jpederzane

Can businesses just say no?

I have a question. There was appropriate outrage when Arizona and other states considered bills that would allow individuals to not do business other individuals because the transaction would offend their religious sensibilities. For instance, a baker would not be forced to make a wedding cake for a same sex marriage. Now I read that the gay man who has cut New Mexico Gov. Susan Martinez’s hair three times – which, from what I know doesn’t really make him her stylist because most women are more loyal to their stylists than their husbands – refusing to touch another lock on her head because of her opposition to gay marriage.

There is certainly a difference between a state passing a law about such things and individuals choices. And there is a difference between discriminating against someone because of who they are and because of what they believe. But is that it?

I am wondering if there is some other principle that would help me think about these cases. I understand where the hair dresser is coming from but how about the pro-choice barista who won’t serve pro-lifers picketing at the Planned Parenthood office next door or the conservative restaurant owner who won’t sell hamburgers to the Occupy Wall Street people?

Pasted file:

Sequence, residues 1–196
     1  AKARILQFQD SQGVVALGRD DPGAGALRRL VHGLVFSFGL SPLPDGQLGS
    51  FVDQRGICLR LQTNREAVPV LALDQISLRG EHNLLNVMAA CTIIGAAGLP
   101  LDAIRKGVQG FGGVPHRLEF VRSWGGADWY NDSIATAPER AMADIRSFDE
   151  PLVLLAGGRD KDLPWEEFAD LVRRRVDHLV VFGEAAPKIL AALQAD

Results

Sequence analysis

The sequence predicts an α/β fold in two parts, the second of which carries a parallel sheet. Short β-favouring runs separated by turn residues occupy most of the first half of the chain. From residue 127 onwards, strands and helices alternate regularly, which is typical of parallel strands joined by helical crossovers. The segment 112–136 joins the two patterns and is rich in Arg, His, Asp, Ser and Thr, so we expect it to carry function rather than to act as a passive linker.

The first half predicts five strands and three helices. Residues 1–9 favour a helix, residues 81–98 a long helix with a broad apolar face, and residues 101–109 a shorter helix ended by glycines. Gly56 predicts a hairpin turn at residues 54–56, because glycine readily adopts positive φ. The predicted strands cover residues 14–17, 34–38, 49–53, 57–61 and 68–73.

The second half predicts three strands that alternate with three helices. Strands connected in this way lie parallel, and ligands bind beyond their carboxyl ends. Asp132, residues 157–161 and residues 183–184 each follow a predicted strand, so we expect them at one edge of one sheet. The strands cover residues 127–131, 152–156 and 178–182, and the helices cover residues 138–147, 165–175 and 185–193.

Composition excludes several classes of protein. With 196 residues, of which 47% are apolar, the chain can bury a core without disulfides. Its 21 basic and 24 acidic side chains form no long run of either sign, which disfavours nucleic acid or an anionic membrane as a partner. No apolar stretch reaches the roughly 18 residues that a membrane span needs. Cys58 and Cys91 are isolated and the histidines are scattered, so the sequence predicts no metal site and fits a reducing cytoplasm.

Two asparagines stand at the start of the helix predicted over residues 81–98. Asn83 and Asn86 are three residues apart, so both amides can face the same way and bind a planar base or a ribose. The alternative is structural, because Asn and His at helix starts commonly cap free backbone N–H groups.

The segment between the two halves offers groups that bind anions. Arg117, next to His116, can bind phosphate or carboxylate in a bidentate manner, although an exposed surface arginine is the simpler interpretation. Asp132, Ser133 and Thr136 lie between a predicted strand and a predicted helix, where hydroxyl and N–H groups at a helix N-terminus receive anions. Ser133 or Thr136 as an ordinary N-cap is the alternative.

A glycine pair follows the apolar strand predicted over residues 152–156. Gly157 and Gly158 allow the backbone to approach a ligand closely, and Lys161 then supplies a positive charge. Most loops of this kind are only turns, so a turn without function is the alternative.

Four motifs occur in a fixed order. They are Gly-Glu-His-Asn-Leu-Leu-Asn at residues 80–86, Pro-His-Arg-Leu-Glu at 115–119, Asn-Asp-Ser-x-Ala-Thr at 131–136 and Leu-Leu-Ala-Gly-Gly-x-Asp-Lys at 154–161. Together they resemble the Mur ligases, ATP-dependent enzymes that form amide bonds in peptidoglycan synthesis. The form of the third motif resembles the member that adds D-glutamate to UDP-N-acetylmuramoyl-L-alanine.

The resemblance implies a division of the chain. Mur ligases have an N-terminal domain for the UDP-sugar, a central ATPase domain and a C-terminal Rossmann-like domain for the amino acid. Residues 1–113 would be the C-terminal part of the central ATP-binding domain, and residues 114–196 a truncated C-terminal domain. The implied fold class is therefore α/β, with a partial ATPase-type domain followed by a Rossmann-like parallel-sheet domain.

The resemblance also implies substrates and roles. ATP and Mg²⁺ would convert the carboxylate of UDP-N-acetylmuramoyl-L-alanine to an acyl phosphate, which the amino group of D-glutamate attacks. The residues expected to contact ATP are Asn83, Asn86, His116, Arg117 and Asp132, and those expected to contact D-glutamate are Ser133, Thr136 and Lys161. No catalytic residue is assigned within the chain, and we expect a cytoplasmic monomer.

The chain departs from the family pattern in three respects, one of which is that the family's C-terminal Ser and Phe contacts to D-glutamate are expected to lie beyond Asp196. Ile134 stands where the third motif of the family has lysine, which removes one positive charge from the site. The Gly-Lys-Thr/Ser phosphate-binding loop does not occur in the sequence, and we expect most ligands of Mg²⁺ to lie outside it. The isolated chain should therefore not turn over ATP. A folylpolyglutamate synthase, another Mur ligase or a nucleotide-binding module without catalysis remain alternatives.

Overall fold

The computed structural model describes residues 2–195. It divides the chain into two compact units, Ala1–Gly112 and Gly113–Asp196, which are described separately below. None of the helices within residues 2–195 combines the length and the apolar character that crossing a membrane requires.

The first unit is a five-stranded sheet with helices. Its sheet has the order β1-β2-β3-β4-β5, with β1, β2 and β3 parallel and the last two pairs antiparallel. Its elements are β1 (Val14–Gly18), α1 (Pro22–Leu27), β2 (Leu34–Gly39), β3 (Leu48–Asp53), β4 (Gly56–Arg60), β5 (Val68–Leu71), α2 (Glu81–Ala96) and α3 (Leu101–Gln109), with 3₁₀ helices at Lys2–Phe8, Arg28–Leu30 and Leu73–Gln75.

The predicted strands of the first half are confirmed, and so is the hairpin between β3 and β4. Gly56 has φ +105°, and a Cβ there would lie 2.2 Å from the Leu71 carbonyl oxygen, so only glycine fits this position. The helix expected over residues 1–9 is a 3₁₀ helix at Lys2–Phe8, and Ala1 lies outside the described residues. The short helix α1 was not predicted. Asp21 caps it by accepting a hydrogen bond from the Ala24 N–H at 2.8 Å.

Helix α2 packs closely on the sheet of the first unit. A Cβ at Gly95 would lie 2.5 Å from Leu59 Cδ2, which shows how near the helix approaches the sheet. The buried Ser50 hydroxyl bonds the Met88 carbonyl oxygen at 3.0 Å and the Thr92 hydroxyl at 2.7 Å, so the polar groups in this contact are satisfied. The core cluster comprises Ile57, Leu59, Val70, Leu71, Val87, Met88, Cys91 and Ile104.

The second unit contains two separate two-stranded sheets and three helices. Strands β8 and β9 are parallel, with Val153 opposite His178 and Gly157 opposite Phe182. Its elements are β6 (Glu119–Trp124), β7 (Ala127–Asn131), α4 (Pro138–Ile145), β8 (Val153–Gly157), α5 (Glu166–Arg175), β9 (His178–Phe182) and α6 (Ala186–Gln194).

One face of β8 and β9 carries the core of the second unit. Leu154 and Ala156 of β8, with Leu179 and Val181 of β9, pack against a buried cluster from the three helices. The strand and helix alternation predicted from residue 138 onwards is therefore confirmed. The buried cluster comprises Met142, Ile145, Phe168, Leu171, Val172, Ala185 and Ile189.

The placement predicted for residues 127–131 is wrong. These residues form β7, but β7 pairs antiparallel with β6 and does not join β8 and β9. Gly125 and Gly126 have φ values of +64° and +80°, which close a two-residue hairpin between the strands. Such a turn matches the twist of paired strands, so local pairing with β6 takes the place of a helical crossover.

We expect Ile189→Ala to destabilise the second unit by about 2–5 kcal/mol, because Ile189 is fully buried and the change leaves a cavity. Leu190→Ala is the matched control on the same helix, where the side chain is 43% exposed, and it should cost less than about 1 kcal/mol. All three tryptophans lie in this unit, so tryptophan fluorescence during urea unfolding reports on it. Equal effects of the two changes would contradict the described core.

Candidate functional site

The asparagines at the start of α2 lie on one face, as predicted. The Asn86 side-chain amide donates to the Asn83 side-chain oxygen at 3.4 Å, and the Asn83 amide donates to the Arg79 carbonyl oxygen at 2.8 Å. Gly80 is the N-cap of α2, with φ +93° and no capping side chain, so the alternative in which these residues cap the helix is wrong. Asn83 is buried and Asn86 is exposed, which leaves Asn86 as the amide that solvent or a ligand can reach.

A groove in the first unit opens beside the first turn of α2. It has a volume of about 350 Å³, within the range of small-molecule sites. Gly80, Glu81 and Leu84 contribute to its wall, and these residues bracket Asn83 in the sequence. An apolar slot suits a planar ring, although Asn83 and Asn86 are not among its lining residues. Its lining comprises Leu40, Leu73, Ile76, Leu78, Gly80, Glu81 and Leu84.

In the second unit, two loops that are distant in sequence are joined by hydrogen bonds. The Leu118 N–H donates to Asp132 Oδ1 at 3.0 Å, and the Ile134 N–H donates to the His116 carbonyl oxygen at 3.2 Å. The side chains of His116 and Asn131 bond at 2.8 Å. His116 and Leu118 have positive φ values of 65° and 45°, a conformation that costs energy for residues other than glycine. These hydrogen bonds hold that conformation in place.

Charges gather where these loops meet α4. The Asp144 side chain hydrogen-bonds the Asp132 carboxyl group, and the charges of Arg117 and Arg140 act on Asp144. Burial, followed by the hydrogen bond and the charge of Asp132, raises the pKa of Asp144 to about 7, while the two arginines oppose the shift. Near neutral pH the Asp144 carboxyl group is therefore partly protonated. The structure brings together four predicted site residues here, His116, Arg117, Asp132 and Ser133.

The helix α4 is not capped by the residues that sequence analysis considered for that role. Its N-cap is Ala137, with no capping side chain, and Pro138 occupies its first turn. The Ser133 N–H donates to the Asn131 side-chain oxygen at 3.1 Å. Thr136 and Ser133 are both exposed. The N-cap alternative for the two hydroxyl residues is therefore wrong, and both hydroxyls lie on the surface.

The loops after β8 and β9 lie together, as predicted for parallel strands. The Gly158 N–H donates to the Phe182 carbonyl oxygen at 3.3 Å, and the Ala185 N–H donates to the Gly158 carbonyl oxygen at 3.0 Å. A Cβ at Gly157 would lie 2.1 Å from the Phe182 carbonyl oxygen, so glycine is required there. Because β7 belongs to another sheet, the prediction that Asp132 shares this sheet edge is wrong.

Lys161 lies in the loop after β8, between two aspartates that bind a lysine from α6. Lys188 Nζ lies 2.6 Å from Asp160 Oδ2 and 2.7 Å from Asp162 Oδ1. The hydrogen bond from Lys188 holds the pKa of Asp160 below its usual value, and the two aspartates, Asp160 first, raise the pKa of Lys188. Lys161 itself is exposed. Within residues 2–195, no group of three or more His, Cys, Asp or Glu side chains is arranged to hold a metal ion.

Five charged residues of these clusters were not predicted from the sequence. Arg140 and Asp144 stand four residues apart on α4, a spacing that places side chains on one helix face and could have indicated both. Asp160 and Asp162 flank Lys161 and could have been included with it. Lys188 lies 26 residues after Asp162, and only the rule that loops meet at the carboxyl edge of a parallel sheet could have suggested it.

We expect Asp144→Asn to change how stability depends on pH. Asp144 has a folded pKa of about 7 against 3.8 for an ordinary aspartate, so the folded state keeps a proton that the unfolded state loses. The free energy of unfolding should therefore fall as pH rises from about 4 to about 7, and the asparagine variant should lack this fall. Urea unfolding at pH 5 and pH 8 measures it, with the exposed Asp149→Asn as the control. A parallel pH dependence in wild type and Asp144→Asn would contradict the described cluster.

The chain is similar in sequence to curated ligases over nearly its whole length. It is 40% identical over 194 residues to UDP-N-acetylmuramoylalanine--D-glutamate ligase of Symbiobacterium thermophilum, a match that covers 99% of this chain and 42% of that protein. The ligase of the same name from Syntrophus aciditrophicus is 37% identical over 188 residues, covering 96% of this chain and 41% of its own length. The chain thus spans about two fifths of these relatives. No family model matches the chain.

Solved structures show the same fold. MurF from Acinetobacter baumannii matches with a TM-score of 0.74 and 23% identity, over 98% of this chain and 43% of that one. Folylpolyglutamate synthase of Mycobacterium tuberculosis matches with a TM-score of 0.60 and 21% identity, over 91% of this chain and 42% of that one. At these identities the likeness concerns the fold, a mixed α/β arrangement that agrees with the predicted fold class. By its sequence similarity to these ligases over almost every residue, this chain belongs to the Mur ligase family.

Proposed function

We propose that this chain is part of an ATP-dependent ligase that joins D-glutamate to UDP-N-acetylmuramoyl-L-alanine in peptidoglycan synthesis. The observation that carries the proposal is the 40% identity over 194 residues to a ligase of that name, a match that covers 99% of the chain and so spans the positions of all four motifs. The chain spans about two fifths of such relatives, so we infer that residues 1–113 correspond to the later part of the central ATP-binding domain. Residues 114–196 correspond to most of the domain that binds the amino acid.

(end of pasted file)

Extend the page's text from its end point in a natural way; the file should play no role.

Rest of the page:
The stylist reportedly left a message for the governor saying, “I am going to let all gay people know,” he continued, “stop serving you, stop providing you with what you need.” Is this any different from a boycott?

Basically, should people be able to refuse service to anyone so long as they do not break the law (race, gender, etc.)? From an ethical standpoint are we free simply to support those we agree with and condemn those with whom we disagree?

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